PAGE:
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The Yid


The Yid

Moscow, Russia, late February 1953. In a few short weeks, Joseph Stalin, tyrannical leader of the Soviet Union, will die at his dacha just outside Moscow. This is the setting for the opening pages of Paul Goldberg’s THE YID, a novel loosely based on the post-World War II experiences of the author, his friends and relatives.

Goldberg emigrated to America in 1973. Growing up in Stalin’s Russia, he had been subjected to the various rumors surrounding Jews that historically followed them from country to country. The worst of those focuses on the myth of using non-Jewish blood for religious rituals. THE YID is based in part on historical tales surrounding Stalin’s plan to purge Jews from the Soviet Union in 1953. Hoping to complete what Hitler started, Stalin accused a group of nine mostly Jewish doctors of plotting to poison the Soviet leadership. He planned to use these false charges as a justification to round up Soviet Jews. Before the trial of the alleged conspirators, Stalin died, and eventually this particular plot against the Jews died as well.

"There is a great deal of wisdom in this novel, which weaves wit and insight to provide readers information about the evil history of Soviet Russia. It’s the kind of book that needs to be read and then re-read."

But the partial factual history that Goldberg had learned as a Russian youth serves as the foundation for this raucous and madcap novel. THE YID is a what-if, or perhaps even a why-not, story about the triumph of good over evil. And how much of it is based upon truth and how much upon fable means little. Because the book is a wild ride.

The location of any novel pales in importance to its characters; their portrayal is what makes a book successful or tedious. THE YID introduces readers to a cast of characters whose quirkiness bordering on lunacy make them fascinating, memorable and reminiscent of the men and women portrayed in Joseph Heller’s CATCH-22. As the novel opens, Soviet officers are sent to the home of Solomon Shimonovich Levinson, an elderly actor who once worked in the state-run Jewish theater, to arrest him. They are unprepared for Levinson’s response, and it leads to their demise. But now the actor has to dispose of some dead bodies.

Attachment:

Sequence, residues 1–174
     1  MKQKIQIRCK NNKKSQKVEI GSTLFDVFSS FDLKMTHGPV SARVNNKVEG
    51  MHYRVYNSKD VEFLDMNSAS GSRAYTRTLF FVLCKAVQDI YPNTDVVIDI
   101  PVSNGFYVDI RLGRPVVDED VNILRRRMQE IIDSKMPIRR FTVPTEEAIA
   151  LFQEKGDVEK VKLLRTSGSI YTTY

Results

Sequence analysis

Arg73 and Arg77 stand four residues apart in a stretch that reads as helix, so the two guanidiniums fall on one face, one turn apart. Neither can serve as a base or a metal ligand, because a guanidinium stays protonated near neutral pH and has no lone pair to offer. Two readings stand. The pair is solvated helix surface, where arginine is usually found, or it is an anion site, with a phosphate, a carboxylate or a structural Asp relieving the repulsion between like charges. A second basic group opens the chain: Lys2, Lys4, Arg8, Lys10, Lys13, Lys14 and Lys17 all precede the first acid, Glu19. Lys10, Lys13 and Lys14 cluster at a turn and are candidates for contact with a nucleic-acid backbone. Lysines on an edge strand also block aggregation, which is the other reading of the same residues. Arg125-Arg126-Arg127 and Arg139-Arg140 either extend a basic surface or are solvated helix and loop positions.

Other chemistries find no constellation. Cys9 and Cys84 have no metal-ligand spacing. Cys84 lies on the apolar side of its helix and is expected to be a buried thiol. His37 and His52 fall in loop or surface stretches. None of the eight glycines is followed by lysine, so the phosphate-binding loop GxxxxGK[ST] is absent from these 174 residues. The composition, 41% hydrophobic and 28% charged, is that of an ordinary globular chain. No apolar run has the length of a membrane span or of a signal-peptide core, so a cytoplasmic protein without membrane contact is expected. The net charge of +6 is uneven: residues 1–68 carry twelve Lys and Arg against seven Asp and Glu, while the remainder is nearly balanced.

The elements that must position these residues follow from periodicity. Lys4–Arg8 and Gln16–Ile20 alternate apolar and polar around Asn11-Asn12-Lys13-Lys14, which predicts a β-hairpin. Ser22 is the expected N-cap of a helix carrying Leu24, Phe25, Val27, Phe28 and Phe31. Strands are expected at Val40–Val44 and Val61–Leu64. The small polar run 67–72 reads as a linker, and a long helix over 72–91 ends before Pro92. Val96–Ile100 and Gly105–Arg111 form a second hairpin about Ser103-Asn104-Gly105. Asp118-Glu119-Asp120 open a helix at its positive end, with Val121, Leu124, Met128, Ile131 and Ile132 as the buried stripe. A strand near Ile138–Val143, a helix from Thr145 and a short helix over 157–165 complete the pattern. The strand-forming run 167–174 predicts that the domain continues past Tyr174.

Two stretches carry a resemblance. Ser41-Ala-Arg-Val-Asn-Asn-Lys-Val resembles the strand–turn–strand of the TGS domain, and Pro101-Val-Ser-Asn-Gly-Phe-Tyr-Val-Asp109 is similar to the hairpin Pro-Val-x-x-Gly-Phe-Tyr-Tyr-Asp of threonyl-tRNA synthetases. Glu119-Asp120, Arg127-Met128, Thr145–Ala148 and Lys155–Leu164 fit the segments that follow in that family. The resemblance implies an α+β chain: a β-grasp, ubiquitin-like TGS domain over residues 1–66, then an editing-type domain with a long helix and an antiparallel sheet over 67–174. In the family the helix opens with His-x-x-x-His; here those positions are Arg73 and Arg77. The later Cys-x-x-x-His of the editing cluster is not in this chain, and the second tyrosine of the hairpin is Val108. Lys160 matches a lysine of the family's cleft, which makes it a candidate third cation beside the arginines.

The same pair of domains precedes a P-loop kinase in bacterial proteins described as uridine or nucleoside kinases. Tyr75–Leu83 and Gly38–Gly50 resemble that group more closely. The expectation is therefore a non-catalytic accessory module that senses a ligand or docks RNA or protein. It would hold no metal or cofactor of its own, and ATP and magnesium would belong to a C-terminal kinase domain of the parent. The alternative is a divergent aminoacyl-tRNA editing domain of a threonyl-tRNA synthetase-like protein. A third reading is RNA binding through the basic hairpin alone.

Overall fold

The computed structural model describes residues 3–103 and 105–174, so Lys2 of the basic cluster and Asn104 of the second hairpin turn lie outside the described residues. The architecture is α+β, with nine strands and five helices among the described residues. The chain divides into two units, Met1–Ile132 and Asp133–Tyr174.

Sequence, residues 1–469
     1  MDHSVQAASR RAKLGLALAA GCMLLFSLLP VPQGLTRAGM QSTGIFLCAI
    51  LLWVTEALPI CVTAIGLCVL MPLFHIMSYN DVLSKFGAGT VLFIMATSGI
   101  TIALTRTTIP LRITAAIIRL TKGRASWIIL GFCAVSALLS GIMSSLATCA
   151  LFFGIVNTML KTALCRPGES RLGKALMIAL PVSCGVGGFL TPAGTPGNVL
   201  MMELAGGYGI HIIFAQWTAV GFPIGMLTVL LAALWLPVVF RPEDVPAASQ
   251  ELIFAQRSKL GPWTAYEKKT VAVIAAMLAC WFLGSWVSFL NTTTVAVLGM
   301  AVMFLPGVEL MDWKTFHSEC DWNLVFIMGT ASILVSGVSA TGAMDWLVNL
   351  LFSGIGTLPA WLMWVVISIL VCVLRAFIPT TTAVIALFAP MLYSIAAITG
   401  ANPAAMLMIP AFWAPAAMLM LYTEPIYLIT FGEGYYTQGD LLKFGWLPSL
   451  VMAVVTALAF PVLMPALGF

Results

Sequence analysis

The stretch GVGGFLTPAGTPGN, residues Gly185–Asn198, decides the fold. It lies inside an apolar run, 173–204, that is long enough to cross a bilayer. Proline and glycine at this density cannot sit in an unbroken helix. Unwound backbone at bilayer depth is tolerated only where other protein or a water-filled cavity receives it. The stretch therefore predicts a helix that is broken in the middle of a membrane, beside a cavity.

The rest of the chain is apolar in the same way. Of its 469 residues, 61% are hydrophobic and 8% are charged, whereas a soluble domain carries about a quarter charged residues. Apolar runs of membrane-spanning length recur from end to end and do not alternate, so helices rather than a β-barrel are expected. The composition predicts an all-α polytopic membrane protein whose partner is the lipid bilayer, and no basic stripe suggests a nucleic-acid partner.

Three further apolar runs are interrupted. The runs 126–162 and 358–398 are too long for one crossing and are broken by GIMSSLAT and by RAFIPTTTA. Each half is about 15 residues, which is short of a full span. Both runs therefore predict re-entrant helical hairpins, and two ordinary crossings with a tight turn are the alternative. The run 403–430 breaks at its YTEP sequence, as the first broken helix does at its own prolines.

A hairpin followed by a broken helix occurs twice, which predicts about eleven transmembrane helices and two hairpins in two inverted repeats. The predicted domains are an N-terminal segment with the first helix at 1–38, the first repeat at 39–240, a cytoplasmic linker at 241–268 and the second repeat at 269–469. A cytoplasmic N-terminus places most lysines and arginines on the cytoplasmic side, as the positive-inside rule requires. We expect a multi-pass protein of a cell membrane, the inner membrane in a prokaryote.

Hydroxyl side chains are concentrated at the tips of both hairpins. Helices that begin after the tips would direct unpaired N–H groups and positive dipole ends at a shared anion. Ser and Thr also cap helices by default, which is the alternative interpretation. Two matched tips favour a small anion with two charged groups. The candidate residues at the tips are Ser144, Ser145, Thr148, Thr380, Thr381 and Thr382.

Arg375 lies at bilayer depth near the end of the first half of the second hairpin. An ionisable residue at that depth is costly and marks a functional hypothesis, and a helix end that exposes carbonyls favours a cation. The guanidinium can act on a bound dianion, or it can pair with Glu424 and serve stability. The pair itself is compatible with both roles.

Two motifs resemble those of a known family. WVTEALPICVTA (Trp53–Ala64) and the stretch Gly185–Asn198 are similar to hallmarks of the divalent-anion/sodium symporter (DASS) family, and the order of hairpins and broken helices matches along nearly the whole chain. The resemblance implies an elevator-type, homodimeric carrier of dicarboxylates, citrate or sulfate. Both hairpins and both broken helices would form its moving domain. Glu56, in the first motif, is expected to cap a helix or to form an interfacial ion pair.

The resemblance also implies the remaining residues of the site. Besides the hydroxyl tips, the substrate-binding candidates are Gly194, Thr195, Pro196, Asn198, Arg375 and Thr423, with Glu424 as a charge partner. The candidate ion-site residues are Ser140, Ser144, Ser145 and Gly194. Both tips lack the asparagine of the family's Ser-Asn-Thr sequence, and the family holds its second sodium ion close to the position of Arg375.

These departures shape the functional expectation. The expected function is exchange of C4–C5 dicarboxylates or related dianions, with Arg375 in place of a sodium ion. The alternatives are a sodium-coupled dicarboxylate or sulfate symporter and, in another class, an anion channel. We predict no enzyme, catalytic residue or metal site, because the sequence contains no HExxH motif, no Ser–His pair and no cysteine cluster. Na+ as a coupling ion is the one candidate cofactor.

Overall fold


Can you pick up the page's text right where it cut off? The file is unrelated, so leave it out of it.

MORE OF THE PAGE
Fortunately, Levinson’s friend, Friedrich Robertovich Lewis, stops by the apartment for a visit. An expatriated American, Lewis is an African-American Communist who has lived in Russia for two decades. On the street, Russians think he is Paul Robeson. Soon Levinson and Lewis are joined by a Russian-Jewish doctor, Aleksandr Kogan, Levinson’s long-time friend (the two have been like brothers since World War I). Eventually the three men hatch a plot to kill Stalin. It will be a wild, exciting and simply crazy adventure.

Even in a madcap novel such as this, the traditional elements readers should expect are present. Car chases, Soviet guards and agents, mayhem and a body count are all here. In deference to Levinson, the actor, the book is structured in three acts, and Goldberg also manages to interject ample portions of Soviet history, including the revolution, culture and artists, as well as the insidious anti-Semitism that pervaded Russia, pre-and post-revolution, and continues to this day.

Yes, THE YID is historical fiction, and no, it never really happened. Or did it? There are just enough elements of truth in the wildness of these pages, along with our own experiences and dreams, to make us wish the story was true. There is a great deal of wisdom in this novel, which weaves wit and insight to provide readers information about the evil history of Soviet Russia. It’s the kind of book that needs to be read and then re-read.

Reviewed by Stuart Shiffman on February 19, 2016

The Yid
by Paul Goldberg

  • Publication Date: February 7, 2017
  • Genres: Fiction, Historical Fiction
  • Paperback: 320 pages
  • Publisher: Picador
  • ISBN-10: 125011795X
  • ISBN-13: 9781250117953